WPFD - Case of Marwan Dammaj

Last autumn, Yemen’s struggle for freedom has reached heights never seen before. With the country’s steady descent into civil war, media outlets, private and public alike have started paying an even heavier price to the conflict. Seven journalists have been killed, since the start of this year.

As a journalist and General Secretary of the Yemeni Journalists’ Syndicate (YSJ) Marwan Dammaj’s is a symbol of this freedom struggle. Highly respected by peers and fellow union activists, and father of two, Marwan Dammaj, has spent the last two decades working for media and championing journalists’ rights in Yemen.

Dammaj made his first foray into the world of media in the 1990s, working for various local papers, including Ennas (The People), Al Ousbou’ (The Week), which he co-founded, and El Shura (The Parliament) the Yemeni Union of Popular Forces’ publication, until the ransacking of its offices in 2005.

He then went on to become the Managing editor of El Thawri (The Revolutionary), the Yemen Socialist Party’s weekly, where he worked until 2013 before accepting the key post of Deputy Chief Editor of the State owned El Thawra newspaper, the biggest newspaper in the country.

Marwan has an outstanding track record of achievement in campaigning for journalists’ rights and social justice. As his career bloomed, so did his deep commitment to defending press freedom.

A YJS board member since 2004, he took on several responsibilities in the union, chairing its Freedoms’ Committee, and acting as Treasurer, before his election in 2009, as YJS Secretary General. He led the YJS’s campaign against penal prosecution, jail sentences and the use of martial law against journalists who, at the time, were routinely prosecuted by government bodies.

It would be daring to try to encapsulate years of daily struggle for freedom in a few paragraphs. Recalling the milestone campaigns of this struggle is the best we can do.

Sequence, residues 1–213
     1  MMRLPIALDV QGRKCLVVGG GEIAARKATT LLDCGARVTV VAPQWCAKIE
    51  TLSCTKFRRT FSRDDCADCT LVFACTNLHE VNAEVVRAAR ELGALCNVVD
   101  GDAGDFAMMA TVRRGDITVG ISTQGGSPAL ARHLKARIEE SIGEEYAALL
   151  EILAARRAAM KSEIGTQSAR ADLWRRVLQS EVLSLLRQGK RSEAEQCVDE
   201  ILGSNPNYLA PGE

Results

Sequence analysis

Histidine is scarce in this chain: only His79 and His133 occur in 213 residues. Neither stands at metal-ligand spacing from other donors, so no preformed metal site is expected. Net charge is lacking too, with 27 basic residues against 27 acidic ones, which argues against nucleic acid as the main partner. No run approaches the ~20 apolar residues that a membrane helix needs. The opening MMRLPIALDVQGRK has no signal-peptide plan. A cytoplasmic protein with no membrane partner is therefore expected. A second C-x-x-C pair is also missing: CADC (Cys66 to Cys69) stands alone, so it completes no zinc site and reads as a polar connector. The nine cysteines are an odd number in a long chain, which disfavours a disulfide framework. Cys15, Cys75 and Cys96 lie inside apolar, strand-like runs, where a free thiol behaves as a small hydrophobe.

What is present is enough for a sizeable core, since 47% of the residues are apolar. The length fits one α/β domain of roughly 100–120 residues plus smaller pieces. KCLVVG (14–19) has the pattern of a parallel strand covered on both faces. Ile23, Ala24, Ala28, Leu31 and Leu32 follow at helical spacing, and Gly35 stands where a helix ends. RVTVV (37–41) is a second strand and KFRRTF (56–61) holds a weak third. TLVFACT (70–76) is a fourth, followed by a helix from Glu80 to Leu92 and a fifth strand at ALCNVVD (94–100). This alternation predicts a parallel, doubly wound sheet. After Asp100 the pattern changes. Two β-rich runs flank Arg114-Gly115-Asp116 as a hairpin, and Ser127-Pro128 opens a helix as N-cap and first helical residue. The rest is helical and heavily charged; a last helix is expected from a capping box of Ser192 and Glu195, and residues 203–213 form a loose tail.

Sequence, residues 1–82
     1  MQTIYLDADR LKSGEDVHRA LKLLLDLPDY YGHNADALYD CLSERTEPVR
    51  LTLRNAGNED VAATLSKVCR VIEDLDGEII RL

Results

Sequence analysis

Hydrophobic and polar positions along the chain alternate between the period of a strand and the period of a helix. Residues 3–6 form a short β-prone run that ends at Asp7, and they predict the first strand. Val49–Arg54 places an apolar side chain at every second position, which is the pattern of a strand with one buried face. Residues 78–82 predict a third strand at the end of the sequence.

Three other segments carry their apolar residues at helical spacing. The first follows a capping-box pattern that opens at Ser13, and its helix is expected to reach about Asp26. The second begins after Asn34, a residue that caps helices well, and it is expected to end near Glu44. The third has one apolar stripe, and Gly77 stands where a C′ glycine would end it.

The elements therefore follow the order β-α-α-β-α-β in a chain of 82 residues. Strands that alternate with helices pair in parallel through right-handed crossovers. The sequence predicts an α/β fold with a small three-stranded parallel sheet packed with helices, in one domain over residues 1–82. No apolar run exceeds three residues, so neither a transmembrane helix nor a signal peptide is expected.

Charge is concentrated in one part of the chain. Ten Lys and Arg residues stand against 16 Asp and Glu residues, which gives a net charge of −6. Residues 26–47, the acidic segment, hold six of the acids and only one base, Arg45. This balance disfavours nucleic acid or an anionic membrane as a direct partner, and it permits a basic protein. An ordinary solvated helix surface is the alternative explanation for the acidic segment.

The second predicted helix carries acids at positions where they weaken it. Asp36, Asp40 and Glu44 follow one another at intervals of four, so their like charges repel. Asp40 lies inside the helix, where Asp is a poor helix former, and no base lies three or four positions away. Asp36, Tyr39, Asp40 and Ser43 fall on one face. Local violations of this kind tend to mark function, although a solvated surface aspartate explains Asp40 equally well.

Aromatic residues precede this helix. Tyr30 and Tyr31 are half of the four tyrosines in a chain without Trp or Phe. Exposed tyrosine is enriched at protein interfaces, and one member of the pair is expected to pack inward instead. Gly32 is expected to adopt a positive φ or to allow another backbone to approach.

There was the battle to free Abdulkarim El Khaiwani. A former Chief Editor of the online newspaper Al-Shoura and recipient of the Amnesty International Human Rights Journalism under Threat Award, Al Khaiwani was arrested in June 2008 and sentenced to six years in prison for allegedly conspiring with a terrorist organisation. Following a global campaign in which Dammaj was instrumental, Al Khaiwani was pardoned by President Ali Abdullah Saleh in March 2009. Sadly, he would be gunned down, exactly six years later, last March, in Sanaa.

In March 2011, as revolution swept the streets of Yemen, the YJS, led by Dammaj, officially endorsed the demands of the demonstrators for political reform and democracy. The popular movement eventually led to the resignation of president Saleh.

In 2012, following a major YJS/IFJ campaign, the Yemeni Interior Ministry lifted the ban imposed on Al Jazeera and promised to re-issue work permits to its employees in the country.

In July 2013, thanks to combined international and YJS efforts, synchronized by Dammaj, investigative journalist Abdul Elah Shaie was released from prison, to serve out the remaining two of his five-year sentence under house arrest. He had been sentenced in 2010 for exposing civilian deaths caused by a U.S. missile strike.

A few months later, as YJS delegate at the IFJ Congress held in Dublin, Dammaj raised awareness on the ongoing struggle and dangers facing Yemeni media workers.

Resilient and uncompromised, Dammaj continues to do what he never stopped doing since graduating from Sanaa Journalism School: reporting the truth, condemning attacks on journalists, and safeguarding the integrity and the independence of the Yemen Journalists Syndicate.